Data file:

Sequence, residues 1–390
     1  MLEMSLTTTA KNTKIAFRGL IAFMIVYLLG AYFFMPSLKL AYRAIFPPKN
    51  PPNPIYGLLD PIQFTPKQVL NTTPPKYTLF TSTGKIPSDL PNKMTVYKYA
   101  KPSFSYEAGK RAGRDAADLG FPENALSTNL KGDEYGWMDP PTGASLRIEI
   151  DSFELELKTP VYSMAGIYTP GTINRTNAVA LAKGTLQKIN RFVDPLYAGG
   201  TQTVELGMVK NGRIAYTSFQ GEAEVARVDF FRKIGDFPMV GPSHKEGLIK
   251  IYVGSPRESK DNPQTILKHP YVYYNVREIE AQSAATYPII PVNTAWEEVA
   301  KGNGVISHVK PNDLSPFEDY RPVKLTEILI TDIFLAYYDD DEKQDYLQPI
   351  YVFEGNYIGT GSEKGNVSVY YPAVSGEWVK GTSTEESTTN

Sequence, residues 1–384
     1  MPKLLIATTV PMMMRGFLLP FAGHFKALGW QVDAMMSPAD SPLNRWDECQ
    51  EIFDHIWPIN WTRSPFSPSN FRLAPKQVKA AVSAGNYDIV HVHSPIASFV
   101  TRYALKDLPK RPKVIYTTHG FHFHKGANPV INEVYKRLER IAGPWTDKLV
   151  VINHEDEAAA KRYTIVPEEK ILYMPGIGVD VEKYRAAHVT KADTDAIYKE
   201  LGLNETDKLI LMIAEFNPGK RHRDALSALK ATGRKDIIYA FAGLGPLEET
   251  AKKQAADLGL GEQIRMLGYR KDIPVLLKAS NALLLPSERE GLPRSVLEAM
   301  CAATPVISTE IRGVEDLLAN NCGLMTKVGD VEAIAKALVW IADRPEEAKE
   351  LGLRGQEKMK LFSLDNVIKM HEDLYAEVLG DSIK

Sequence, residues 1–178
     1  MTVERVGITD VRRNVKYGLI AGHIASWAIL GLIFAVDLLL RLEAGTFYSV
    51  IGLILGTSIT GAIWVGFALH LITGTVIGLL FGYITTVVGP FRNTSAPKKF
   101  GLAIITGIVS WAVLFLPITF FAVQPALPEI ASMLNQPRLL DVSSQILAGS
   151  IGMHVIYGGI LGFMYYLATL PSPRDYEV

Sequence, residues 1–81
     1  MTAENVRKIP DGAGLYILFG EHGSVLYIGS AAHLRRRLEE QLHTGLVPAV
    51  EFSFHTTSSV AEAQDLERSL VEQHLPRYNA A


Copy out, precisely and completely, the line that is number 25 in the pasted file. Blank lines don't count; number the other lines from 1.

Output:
     1  MTAENVRKIP DGAGLYILFG EHGSVLYIGS AAHLRRRLEE QLHTGLVPAV